The syscos and fabricators of the window and door industry have worked very hard in the past few years to build up the value of their brands, to give added value not only to themselves, but to their customers and even home owners in some cases. There has also been quite a few new launches of products and companies. All of this has resulted in a lot of very active brands operating in the industry right now. Some old and established, some new and innovative. So given the amount of choice on the brand front, is it becoming harder for companies to keep the loyalty of their customers?
Choice, choice, and more choice
Installers right now face a barrage of new products and new brands all competing for their time, attention and business. There are a lot of very high quality new products out there, and in fairness our industry has never looked so good.
A symptom of this wave of innovation is a strain on loyalty to relationships with suppliers that have quite often existed for many, many years. It’s not the fault of the installer. They have to do what is best for their business at the end of the day. So is it becoming harder for syscos and fabricators to keep their customers looking inwards and loyal to them and their brand?
Personally I’d say so. If you’re an installer and your fabricator hasn’t done anything for the past few years, it is to be expected that you start looking around at the competition to see if they can do a product, provide a brand for you to build your business on.
Brand loyalty importance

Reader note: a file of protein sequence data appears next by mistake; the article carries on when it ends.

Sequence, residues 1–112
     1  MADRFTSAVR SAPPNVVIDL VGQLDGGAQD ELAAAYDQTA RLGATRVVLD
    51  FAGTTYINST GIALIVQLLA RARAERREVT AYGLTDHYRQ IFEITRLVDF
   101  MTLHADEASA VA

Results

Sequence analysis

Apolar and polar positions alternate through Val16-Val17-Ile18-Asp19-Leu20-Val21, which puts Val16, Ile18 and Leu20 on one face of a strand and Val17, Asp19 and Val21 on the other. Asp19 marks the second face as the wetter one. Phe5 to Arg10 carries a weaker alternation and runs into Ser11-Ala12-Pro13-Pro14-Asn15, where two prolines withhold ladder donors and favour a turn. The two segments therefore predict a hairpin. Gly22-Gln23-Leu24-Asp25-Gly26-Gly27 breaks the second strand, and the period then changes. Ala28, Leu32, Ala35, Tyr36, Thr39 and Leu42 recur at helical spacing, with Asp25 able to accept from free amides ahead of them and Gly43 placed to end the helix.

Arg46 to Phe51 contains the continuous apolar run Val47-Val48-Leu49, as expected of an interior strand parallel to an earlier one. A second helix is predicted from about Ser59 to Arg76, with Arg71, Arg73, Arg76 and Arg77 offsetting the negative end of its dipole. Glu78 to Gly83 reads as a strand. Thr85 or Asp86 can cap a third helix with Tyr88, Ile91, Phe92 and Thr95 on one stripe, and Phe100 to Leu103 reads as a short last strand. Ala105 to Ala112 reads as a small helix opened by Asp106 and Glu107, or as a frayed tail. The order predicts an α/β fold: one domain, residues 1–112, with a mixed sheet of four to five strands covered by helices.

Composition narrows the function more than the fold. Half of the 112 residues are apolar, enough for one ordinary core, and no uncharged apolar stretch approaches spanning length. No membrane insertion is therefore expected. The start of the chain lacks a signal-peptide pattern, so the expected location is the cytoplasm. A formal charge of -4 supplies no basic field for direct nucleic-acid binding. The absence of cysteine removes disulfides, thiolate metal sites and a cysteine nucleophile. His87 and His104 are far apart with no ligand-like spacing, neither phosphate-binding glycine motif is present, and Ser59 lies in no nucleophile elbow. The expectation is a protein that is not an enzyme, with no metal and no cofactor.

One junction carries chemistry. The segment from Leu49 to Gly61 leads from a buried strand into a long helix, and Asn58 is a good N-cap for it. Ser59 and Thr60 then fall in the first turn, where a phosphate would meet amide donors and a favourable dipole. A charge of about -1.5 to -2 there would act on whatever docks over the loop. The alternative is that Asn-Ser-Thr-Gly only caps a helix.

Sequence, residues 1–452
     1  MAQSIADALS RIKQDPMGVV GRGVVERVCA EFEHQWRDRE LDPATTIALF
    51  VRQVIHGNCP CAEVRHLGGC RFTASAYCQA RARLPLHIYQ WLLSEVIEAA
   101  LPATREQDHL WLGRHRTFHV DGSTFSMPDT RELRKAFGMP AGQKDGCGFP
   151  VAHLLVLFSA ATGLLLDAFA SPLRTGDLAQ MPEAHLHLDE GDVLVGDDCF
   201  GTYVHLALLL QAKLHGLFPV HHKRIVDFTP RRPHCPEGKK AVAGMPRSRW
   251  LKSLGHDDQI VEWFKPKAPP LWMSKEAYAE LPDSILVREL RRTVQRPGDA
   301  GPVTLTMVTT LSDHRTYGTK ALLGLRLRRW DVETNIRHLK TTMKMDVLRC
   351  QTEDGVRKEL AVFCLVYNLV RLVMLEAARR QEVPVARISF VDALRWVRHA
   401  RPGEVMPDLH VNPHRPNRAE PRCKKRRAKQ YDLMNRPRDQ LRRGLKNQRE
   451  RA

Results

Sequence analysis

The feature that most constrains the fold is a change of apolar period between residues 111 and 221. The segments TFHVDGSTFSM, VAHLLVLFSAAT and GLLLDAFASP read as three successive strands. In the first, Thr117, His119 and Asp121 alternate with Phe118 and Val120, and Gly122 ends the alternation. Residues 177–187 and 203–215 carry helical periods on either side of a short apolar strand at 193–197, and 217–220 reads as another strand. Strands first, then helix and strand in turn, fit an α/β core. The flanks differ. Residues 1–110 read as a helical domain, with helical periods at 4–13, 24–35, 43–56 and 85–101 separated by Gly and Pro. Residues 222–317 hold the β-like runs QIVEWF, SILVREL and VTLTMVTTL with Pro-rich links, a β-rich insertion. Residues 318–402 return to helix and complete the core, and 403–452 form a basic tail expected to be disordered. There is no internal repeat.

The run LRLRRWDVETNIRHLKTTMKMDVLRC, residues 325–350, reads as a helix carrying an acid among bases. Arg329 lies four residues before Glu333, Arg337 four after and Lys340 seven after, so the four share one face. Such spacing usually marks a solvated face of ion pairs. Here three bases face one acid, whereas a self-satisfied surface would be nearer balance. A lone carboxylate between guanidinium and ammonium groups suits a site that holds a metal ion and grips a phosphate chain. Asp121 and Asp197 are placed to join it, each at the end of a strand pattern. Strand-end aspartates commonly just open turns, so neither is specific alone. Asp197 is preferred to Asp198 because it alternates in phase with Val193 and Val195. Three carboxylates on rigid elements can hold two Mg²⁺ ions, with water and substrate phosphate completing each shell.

Whether you believe brand loyalty is becoming a harder and harder trait to find, the fact of the matter is that is matters. A lot.
Take a look at social media over the past few years, especially Twitter. It is full of installers tweeting pictures of they have recently completed, along with mentions of their suppliers who made and delivered the products they fitted. That is brand loyalty in action and it is priceless.
It’s priceless because tweets like that show in public what that installer think of their suppliers. People are naturally quick to complain, but any feedback in public that is positive is hugely valuable to the suppliers mentioned. It is also priceless because if there are any installers out there sitting on the fence and wondering who to move to, these sorts of tweets and other forms of feedback serve as a brilliant advert. Better yet, its free!
Solidor, Atlas, John Fredericks, Residence 9 are just a few examples of companies who are often mentioned by their installers, showing off their work, using their products.
So whilst brand loyalty might be a more fluid thing than it was a few years ago, those who manage to find it need to make the very most of it. Keep the relationships active, profitable and friendly. If you’re a fabricator and you’re not working on your brand or your products, don’t be surprised when your installer start to look elsewhere.
I agree in some instances but should there be any hike in prices from suppliers then,i think that some companies may look for an alternative,as some double glazing companies are not as busy as others,so every penny is a prisoner as they say,it really comes down to what you think looks good,and can a profit still be made after all we are all in business to make a profit